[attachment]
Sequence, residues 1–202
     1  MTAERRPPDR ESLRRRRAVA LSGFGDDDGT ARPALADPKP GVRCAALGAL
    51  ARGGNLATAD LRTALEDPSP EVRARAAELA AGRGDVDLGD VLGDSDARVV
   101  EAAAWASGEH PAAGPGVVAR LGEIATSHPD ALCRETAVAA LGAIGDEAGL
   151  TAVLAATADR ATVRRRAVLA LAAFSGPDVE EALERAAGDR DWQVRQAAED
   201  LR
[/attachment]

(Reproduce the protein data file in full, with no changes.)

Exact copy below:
Sequence, residues 1–202
     1  MTAERRPPDR ESLRRRRAVA LSGFGDDDGT ARPALADPKP GVRCAALGAL
    51  ARGGNLATAD LRTALEDPSP EVRARAAELA AGRGDVDLGD VLGDSDARVV
   101  EAAAWASGEH PAAGPGVVAR LGEIATSHPD ALCRETAVAA LGAIGDEAGL
   151  TAVLAATADR ATVRRRAVLA LAAFSGPDVE EALERAAGDR DWQVRQAAED
   201  LR